Wednesday, July 19, 2017
You will note amazingly few of the BreyerFest tent pieces (Speical Runs): I only wanted two. Am I really that insane, since it's obvious I can afford them if I want them?? Hah! One of a tackmaker's tough choices is what to do when Breyer releases a new mold in a different color, after you've already bonded with an earlier one. I've already bonded with my bay Harley D Zip. (Great color, hand chosen, hard to get.) Having drawn the matte buckskin for my Surprise model, I felt I did not want him. In addition, mane, tail and gender changes do not necessarily make a new model, not from a tackmaking point of view... and my shelf space is not limitless. Of course I thought the other colors were lovely, and I may change my mind in the future, but for now...
The red halter, worn here by Kaalee/Jezail, is clearly meant for the Marwari. Kudos to Jody Power of Jaapi halters, by the way, for consistently coming up with a halter design for Breyer's theme each year -- she nailed it this time!!!
Speaking of Breyerhistorydiva, she is responsible for me desiring my only Zodiacal series horse, the infamous Lobster Butt.
The Perlino came looking for me, not the other way around. But I had always wanted one. When the seller unwrapped him and I saw the peculiar finish of his coat - neither glossy nor matte, but somewhere in between, a fantastic semi-gloss - I went and counted my money. Yea, it happens like that sometimes! Pricey he was, and remains (except for the saddle) my most expensive piece this year. But I love him dearly and do not regret it. Perhaps I needed the saw-him, fell-in-love, &-bought-in-minutes experience, and to prove I am not always staid or restrained...
Hartlands clearly dominated this year's take. I came home with 6 Hartlands and 5 Breyers (and one of those Breyers was an elephant). Yes, this little guy is a Hartland: He was released in 1989 by Hartland Collectibles, the very first resincast sold by a plastics molding company. According to Gail Fitch, approximately 150 exist. Prior to 1989 (and for much afterwards), resincasts were exclusively the domain of private sculpting and casting artists, who usually painted them as well.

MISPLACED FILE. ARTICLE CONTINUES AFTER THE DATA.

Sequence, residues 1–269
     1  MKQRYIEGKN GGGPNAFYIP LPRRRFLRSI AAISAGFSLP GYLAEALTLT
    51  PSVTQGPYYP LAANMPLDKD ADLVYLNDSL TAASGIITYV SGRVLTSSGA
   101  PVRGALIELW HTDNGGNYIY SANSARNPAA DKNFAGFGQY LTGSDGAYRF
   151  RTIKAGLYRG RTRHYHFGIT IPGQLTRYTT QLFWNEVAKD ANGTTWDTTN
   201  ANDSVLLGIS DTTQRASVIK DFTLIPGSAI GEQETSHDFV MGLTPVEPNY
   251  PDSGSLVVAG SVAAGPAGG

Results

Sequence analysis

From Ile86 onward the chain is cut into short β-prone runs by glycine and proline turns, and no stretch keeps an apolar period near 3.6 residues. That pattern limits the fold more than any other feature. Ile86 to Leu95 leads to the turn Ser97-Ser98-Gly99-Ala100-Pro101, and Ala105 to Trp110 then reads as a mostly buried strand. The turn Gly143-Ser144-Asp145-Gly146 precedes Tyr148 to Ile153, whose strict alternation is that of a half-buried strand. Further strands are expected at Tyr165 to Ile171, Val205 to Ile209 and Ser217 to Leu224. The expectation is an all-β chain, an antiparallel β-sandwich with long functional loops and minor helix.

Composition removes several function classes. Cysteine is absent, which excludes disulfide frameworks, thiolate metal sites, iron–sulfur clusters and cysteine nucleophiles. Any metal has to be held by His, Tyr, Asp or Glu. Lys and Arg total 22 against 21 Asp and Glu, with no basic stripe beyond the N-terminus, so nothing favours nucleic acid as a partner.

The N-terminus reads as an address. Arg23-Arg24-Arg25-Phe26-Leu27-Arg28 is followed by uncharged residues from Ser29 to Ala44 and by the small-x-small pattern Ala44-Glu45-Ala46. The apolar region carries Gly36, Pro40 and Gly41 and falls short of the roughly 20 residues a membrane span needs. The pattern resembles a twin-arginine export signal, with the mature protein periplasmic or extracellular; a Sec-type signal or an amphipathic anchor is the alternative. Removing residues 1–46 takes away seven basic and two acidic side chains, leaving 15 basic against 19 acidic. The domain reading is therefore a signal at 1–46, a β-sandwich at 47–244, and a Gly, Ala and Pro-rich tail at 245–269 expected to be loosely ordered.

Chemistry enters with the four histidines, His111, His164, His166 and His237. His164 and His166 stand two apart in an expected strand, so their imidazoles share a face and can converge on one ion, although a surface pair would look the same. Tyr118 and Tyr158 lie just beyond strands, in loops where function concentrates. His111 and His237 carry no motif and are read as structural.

Here's more of my BHR take. Talk about a bargain: they were $1 a head. Just because the paint had bubbled a bit...! I took the opportunity to handpick all three. I've always admired this color.
Speaking of bargains, take a look at these two remarkable finds. These are Regal Series 11" Hartlands, and both of them were released only in 1967.
Yes, alas, something terrible must've happened to that Arab stallion on the right. He is the Superb issue #9916 in Red Bay. 'Superb' meant the model was glossed. All those little spots are paint flecks, which I am hoping I can remove; but the legs are another matter. Still, conferring with model vets gives me hope. I am thankful his sheer beauty was enough to save him. Sometimes people don't know what they have; I paid $5 for him.
Why am I so quick to grab such a doleful case? Take a look at what I already own. The red on the right I've named Prince King Kamehameha, and his necklace is his symbol of authority; he's the ruler of all my Hartlands. I got him in 1979 from a neighbor family, who had obtained him on a US Army base in Germany(!). That means I've had him for 39 years.... and in all that time, I've never seen another like him...
Put together, it becomes apparent the new one is a bit darker than Prince King, especially in the face.